Increased accumulation of innate cells through a chemokine-mediated feed-forward loop is observed in the lung lesions of high dose lethal infection associated with poor innate control of influenza virus (Aldridge et al. 2009; Brandes et al. 2013; Lin et al. 2008; Narasaraju et al. 2011; Seo et al. 2011). Consistent with this, interfering with the massive infiltration of these innate cells through chemokine antagonism (CCR2 for monocytes) or partial cell depletion (Aldridge et al. 2009; Brandes et al. 2013; Lin et al. 2011) was found to alleviate the immune-mediated pathology.

9 Systems Vaccinology of Influenza Vaccines

System vaccinology employs a number of high-throughput technologies like DNA microarrays, protein arrays, deep sequencing, and mass spectrometry to generate system-wide unbiased molecular measurements to reconstruct the events in an immune response (Pulendran et al. 2010a). Over the last few years, several studies have used systems biology approaches to obtain a global picture of the immune responses to vaccination, and to identify molecular signatures that can be used to predict vaccine immunity in humans, and also to understand the mechanisms involved in the vaccine-induced immunity (Li et al. 2013, 2014; Nakaya et al. 2011, 2012; Pulendran 2009; Pulendran et al. 2010a; Querec et al. 2009; Ravindran et al. 2014; Tsang et al. 2014).

A comparative study of immune response to trivalent inactivated influenza vaccine (TIV) and live attenuated influenza vaccine (LAIV) using systems biology approach revealed salient common as well as contrasting features between them. While LAIV induced the expression of several interferon-related genes, which are similar to live viral vaccines, the TIV induced a signature composed of genes highly expressed in plasma B cells (Nakaya et al. 2011). For TIV, of the 44 genes identified to accurately predict the outcome of immunization as either high or low antibody titers, one gene-CAMKIV- had no known function in regulating immunity, but was negatively correlated with antibody titers. Consistent with this, CAMKIV-deficit mice developed high antibody titers after vaccination (Nakaya et al. 2011). Furthermore, the expression of TLR5 few days after TIV administration highly correlated with the antibody titers 4 weeks post vaccination. However, TIV did not activate TLR5 signaling per se (Jason and Pulendran unpublished data). TLR5 is sensor of bacterial flagellin, which could be derived from commensal flora. In this context, perturbation of gut microbiota was found to influence the host immune response involved in the clearance of virus from lungs in influenza infected mice (Ichinohe et al. 2011). Consistent with this, our preliminary results support the significant influence of intestinal flora on TIV-induced antibody response in mouse model (Jason and Pulendran unpublished data).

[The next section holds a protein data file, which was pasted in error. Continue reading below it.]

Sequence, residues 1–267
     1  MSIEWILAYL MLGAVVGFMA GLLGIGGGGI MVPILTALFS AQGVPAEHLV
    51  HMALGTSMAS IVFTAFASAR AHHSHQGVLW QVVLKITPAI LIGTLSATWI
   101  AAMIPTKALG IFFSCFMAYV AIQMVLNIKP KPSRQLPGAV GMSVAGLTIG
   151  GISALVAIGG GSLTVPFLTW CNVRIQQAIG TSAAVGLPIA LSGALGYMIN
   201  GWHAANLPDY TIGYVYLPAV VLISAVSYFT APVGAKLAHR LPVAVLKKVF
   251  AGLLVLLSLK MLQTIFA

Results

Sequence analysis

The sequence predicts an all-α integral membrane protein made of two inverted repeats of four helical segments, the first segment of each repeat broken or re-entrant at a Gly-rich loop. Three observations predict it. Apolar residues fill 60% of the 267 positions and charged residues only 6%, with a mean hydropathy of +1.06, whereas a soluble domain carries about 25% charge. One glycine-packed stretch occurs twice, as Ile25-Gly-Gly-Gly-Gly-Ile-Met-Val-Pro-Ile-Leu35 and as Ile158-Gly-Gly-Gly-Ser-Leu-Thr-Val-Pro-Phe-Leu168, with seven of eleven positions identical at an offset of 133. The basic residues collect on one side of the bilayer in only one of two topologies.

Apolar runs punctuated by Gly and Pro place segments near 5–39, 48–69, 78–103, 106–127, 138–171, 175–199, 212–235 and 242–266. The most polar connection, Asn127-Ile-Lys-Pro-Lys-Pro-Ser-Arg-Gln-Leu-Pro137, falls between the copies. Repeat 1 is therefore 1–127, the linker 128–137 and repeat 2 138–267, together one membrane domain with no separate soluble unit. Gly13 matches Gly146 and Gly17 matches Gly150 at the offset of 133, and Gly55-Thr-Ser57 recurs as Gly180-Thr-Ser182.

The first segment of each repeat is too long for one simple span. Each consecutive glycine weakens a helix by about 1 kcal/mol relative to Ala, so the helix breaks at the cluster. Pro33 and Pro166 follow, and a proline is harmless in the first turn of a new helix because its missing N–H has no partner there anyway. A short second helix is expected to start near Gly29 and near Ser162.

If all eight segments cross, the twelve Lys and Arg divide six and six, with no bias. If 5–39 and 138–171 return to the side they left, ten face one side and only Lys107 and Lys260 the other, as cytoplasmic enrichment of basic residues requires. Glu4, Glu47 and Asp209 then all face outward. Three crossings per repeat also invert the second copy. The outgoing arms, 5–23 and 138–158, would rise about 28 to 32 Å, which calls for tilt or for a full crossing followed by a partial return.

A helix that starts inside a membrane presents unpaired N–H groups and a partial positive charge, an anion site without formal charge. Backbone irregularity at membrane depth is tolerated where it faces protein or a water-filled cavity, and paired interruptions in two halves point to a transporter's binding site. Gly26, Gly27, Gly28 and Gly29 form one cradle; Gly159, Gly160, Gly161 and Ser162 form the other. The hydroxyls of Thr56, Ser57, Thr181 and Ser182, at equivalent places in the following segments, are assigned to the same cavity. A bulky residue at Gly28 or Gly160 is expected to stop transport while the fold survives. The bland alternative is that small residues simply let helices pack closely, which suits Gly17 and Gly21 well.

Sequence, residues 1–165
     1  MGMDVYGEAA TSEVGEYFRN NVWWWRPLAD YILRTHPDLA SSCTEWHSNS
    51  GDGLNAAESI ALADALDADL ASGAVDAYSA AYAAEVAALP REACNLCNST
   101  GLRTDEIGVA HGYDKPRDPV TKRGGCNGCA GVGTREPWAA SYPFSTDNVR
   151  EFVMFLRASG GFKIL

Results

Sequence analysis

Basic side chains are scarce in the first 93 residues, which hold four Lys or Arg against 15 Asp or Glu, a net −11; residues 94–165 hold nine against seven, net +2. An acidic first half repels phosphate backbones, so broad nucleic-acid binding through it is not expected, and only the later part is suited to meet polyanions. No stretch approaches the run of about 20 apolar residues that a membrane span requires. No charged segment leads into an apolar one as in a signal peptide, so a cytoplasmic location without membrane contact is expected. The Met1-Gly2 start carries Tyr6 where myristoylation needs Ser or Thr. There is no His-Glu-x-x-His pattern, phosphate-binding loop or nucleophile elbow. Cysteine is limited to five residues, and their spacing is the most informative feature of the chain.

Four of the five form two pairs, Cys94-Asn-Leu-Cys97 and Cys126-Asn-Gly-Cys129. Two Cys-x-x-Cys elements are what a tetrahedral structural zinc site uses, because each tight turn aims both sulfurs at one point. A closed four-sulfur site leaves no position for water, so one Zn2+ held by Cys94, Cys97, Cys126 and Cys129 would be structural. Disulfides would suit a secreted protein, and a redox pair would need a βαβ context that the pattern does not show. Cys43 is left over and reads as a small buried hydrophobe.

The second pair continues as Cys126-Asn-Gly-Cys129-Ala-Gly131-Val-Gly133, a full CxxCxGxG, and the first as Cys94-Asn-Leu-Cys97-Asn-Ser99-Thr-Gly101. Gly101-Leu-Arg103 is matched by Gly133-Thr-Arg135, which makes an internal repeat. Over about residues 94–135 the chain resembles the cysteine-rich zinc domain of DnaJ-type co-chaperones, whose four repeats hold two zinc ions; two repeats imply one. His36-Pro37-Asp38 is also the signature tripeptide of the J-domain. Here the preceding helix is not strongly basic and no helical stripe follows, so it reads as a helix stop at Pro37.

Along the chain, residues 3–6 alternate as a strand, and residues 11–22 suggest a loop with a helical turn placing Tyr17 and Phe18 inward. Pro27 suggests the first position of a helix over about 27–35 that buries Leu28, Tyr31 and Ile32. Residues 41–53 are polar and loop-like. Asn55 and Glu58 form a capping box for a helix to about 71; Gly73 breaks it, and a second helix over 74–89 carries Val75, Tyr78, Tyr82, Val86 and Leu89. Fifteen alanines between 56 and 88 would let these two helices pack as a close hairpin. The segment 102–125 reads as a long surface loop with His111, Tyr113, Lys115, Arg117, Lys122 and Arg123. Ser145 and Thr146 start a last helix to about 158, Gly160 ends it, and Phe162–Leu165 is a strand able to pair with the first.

In addition, studies are also being performed in influenza virus-infected patients and animal models for better understanding of the disease pathogenesis that might help in efficient control (Huang et al. 2011; Korth et al. 2013; Woods et al. 2013; Zaslavsky et al. 2013). A temporal pattern of host molecular responses was identified by systems biology approach in the peripheral blood of influenza virus-infected human volunteers, which differentiated symptomatic from asymptomatic infections of influenza virus strains (Huang et al. 2011; Woods et al. 2013). Further, while symptomatic patients showed multiple PRR-mediated antiviral and inflammatory responses, asymptomatic individuals revealed a highly regulated antiviral responses together with enhanced cell-mediated and antioxidant responses (Huang et al. 2011; Woods et al. 2013). Similarly, differential induction of inflammatory gene expression is observed in the mouse lungs following infection with influenza virus causing mild or severe respiratory disease, which is largely accounted by neutrophils (Brandes et al. 2013; Kash et al. 2006; Korth et al. 2013). Furthermore, by integrating the large-scale lipid measurements with targeted gene expression, a recent study in influenza mouse model and human patients showed that 5-lipoxygenase metabolites correlate with the pathogenic phase of the infection, whereas 12/15-lipoxygenase metabolites associate with the resolution phase (Tam et al. 2013).

10 Conclusions and Perspectives